The final 12-man roster doesn't have to be set until Nov. 3, but you might expect a couple surprises from the Orlando Magic:
Veteran backup center Greg Kite, 33, who missed 52 games last season with a muscle tear in his leg, might be waived so the team can keep youngsters Keith Tower and Geert Hammink. Assistant coach/player Tree Rollins could begin the year as one of three players on the injured-reserve list.
Diminutive point guard Greg Grant, invited to training camp at the last moment when it was clear Anfernee Hardaway would be a holdout, seems poised to make the club. He would be the sixth guard on the roster.
"It's a wonderful problem to have," Magic vice president of basketball operations John Gabriel said of the team's plethora of centers competing to back up Shaquille O'Neal. "But it becomes painful to think you can't retain all of those guys. It's hard to come by big bodies, particularly hard-working, big bodies."
Kite, a physical low-post presence with limited offensive skills but loads of experience (four appearances in the NBA finals while with Boston), hasn't played since sustaining a concussion in training camp.
"Financially, I'm the one they have the biggest commitment to," Kite said recently. His guaranteed contract calls for him to earn about $1-million this season. "They could end up with me or Tree or trade me, that's the only thing that would make business sense. But I think that's unlikely."
Agent Keith Glass said he hasn't heard trade talk but wouldn't have any trouble finding another NBA club for Kite.
"I'd say it'd take 15 to 20 minutes," Glass said.
If the 5-foot-7 Grant, who has played for Philadelphia, Phoenix and New York, doesn't make this club, he too probably could find a job.
"Every team in the league can use a guy that can change tempo and Greg represents your ultimate in backup-point tempo changer," Gabriel said. "Chemistry is also important and he has the right mentality you need in the backup role."
Look for forward Jeff Turner, recovering from knee surgery, to begin the season on IR. The third and final IR spot will have to be utilized as well. But don't expect rookie forward Rodney Dent there.
Dent, the team's second-round draft choice (No. 31 overall), was rehabilitating his left knee when he suffered a stress fracture in the summer. He remains unsigned and his agent, Steve Endicott, is pursuing options overseas.
"We're working on a possible opportunity in Italy," he said.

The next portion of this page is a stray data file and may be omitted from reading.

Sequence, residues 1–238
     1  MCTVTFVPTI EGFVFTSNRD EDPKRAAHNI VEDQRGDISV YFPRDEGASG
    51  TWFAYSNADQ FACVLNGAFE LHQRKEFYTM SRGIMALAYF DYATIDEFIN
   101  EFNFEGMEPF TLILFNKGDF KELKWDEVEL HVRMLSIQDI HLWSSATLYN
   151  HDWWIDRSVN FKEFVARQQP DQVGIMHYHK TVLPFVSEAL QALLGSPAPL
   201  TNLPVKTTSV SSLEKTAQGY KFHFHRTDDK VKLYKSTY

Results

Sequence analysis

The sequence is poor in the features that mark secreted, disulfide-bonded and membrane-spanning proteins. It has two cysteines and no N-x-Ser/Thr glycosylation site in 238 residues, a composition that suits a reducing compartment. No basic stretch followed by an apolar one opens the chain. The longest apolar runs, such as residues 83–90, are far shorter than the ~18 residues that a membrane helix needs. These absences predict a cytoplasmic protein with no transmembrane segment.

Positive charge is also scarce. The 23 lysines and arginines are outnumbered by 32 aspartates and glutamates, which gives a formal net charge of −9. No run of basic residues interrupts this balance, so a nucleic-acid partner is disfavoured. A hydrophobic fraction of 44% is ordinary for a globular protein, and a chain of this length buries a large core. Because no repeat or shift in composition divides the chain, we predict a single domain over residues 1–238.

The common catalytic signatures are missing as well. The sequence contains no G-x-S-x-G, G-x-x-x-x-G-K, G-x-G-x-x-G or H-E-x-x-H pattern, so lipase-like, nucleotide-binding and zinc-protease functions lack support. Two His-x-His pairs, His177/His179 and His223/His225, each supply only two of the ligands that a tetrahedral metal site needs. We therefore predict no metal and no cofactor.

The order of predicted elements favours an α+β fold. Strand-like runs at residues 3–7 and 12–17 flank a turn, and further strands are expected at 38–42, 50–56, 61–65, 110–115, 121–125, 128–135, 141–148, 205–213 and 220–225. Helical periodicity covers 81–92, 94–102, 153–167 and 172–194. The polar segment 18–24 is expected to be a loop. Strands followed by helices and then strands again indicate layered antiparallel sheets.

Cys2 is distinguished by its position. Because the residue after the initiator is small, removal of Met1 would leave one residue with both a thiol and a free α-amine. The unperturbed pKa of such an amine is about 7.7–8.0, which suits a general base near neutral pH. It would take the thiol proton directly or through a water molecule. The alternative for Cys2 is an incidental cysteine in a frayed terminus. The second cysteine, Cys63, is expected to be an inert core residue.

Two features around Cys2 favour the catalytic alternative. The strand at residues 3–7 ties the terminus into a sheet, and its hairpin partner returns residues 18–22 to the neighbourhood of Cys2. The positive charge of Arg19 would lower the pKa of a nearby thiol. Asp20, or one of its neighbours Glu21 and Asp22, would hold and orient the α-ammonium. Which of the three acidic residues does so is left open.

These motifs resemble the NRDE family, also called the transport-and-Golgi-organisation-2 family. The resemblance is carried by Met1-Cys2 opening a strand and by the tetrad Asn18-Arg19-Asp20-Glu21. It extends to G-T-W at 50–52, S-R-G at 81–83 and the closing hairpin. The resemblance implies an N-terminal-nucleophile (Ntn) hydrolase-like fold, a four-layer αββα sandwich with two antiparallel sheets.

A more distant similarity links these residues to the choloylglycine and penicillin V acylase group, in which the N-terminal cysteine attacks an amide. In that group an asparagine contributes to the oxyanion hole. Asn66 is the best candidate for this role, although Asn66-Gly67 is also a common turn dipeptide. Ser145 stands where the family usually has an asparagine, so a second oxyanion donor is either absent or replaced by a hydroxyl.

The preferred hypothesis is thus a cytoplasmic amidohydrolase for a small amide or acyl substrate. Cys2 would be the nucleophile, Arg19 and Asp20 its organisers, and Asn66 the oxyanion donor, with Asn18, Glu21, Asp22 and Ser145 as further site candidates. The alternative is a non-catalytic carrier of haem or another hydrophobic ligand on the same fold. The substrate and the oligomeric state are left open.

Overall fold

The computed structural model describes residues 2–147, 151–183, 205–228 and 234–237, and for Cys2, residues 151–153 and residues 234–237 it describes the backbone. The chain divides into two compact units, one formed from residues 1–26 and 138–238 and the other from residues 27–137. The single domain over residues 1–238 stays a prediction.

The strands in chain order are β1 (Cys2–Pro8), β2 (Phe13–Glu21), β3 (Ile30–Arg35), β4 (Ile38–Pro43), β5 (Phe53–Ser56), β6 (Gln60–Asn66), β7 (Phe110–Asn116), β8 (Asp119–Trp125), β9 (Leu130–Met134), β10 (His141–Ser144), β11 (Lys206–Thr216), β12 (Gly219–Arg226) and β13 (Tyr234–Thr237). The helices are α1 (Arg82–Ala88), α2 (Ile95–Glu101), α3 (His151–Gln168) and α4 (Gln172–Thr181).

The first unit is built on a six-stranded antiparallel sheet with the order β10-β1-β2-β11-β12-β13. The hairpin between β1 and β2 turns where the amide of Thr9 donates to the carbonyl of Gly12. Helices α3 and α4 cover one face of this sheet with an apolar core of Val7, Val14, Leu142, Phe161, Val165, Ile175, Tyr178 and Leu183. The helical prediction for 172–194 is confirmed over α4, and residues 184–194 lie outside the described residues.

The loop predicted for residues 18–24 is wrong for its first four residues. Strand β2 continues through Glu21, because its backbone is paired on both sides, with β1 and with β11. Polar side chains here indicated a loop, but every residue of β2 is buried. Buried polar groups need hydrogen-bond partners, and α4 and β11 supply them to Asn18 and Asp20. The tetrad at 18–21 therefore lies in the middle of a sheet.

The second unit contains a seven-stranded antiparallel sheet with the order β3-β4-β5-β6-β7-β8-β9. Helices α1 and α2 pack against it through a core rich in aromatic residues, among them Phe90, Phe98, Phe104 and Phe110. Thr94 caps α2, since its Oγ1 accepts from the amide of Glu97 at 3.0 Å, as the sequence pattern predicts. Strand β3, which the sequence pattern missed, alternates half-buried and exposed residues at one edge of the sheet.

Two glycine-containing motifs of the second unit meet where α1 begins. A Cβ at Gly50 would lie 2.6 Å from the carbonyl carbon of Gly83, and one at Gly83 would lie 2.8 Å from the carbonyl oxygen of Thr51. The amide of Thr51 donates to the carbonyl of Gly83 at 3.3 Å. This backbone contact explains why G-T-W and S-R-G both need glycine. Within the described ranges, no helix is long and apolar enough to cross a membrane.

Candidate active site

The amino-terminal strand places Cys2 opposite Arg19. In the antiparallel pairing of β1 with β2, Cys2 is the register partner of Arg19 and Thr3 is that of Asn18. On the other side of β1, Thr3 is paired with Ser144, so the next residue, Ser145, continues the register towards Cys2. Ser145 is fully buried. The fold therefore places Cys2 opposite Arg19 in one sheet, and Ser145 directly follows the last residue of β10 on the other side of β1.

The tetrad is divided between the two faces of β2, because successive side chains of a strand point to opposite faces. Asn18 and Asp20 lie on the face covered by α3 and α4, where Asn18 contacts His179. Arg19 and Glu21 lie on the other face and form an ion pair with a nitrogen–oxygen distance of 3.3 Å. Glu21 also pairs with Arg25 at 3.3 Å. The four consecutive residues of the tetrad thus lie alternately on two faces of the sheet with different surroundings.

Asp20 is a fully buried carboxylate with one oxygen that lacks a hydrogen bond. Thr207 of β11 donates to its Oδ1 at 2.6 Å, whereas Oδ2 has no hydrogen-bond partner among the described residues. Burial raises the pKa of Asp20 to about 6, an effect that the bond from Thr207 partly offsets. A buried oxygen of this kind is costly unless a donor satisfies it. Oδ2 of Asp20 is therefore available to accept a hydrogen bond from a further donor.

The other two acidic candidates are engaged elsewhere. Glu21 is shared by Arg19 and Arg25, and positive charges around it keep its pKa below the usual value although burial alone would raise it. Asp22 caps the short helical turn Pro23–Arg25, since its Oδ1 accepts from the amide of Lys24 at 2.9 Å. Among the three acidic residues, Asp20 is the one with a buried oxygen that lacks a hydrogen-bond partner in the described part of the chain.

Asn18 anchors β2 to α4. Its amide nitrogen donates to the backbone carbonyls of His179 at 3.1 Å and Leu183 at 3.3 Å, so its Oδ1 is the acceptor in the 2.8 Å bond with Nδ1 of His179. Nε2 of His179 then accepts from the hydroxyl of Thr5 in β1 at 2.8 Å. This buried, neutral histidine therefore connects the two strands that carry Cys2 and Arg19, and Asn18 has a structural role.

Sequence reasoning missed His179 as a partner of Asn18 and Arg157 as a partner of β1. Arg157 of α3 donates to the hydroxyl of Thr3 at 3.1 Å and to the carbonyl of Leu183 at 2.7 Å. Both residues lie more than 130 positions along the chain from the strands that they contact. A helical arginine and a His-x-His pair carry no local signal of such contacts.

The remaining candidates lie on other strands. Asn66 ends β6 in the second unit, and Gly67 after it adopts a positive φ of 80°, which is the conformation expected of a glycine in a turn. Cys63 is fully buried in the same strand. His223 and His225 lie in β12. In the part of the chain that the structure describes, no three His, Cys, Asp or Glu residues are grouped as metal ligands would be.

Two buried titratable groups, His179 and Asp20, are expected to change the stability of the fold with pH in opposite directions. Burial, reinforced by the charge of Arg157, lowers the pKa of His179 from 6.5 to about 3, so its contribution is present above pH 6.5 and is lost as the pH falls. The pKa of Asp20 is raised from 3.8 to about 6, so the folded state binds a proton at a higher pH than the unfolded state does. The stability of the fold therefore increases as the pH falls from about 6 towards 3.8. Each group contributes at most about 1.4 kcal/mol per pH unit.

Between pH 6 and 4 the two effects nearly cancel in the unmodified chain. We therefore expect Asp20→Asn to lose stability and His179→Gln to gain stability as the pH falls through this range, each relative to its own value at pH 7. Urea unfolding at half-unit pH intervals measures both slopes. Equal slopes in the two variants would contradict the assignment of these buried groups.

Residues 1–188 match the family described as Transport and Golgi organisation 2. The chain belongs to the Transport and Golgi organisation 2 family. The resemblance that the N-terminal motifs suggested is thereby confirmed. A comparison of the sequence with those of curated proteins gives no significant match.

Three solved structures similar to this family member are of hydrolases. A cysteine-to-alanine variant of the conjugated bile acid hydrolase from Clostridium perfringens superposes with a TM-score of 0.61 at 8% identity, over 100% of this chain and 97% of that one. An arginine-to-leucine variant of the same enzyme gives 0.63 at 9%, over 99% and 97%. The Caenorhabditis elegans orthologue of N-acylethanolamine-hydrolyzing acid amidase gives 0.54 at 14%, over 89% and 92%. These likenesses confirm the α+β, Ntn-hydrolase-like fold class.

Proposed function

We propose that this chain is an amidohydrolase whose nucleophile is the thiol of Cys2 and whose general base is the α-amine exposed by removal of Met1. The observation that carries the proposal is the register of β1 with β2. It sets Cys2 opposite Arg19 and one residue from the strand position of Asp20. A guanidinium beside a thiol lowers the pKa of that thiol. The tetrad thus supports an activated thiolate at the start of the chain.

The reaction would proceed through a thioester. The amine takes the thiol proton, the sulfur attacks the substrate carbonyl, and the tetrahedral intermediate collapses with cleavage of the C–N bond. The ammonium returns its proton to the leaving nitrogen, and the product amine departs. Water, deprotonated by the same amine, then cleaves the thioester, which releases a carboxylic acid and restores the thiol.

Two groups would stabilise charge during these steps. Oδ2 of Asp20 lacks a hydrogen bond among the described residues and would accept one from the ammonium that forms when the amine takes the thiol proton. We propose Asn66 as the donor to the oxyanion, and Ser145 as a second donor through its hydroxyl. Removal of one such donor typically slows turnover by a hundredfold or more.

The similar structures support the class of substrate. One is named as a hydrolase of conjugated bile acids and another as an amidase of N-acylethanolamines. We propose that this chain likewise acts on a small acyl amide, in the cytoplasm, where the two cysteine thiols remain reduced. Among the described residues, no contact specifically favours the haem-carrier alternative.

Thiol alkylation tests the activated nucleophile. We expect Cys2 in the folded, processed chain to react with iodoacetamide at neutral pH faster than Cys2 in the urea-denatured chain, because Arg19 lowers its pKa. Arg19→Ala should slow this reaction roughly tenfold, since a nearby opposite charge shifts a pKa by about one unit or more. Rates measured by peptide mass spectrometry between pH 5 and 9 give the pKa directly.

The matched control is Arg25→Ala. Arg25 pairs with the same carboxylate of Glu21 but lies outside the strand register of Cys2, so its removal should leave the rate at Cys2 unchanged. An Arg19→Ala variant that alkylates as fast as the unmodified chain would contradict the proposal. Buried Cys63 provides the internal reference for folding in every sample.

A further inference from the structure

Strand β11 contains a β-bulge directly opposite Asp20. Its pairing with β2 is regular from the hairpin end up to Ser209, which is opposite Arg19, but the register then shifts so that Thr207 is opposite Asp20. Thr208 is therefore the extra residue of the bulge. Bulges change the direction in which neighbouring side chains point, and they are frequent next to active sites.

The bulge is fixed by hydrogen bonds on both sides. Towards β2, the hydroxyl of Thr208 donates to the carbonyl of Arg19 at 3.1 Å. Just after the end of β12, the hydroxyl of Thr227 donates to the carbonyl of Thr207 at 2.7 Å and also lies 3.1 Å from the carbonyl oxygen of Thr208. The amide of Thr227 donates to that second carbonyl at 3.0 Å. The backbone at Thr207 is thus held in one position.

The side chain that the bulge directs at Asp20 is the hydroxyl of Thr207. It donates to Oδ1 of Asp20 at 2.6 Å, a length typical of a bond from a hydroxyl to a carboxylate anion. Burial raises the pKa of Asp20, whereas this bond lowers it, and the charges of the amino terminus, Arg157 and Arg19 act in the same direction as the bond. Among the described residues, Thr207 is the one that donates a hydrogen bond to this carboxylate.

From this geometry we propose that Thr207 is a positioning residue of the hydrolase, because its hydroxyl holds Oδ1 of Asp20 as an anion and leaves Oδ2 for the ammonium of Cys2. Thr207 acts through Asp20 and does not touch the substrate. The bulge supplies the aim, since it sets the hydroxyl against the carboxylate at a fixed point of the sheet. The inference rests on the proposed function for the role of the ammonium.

Back pains: Sharpshooting forward Dennis Scott, who initially said his lower back pain was "nothing major," is out indefinitely. He left before Wednesday's game, saying he couldn't even sit down, and then remained home as the Magic headed west for two games in Los Angeles and a game at Phoenix on Monday.
"It's frustrating because I worked so hard this summer to get in shape," he said while clutching a box of anti-inflammatories and walking to his car last Wednesday. "I thought I had a real good training camp and then my back starts hurting and I don't know why. I didn't do anything (out of the ordinary) like lift a car.
"I don't want to be out too long; the longer you're out, the harder it is to get into the flow. And we've got a good team. I want to be out there with them. I don't want to be on the bench with a bad back."
In the stores, Part I: Magic general manager Pat Williams has compiled a book of hundreds of sports one-liners, called Jock Jokes. Here are a few selections from the basketball section:
The coach is preparing the team for the crowd noise they'll hear during the season. He runs practices with a laugh track.
A winning streak for this team is back-to-back days off.
Inquiring minds want to know: Describing Hardaway's blockbuster contract is difficult, to say the least. It's worth about $50-million over seven years. All guaranteed. An eighth year is guaranteed if Hardaway performs as expected.
The club has an option for a ninth year. Hardaway also has an option after the sixth year of the deal. If he reaches incentives (which include team-related goals) and the deal runs the entire nine years, it should be worth about $72-million. This season, he will earn about $4-million. That's less than O'Neal, who remains the highest-paid player on the team.
In the stores, Part II: O'Neal has a martial arts video game due out soon, called Shaq-fu. There's plenty of kicks and chops, but no blood _ by O'Neal's demand.
"There are things done in the video game I can only do a little bit," he said. "I can't back flip. I could, back in the Germany days." That's where O'Neal spent time as a child.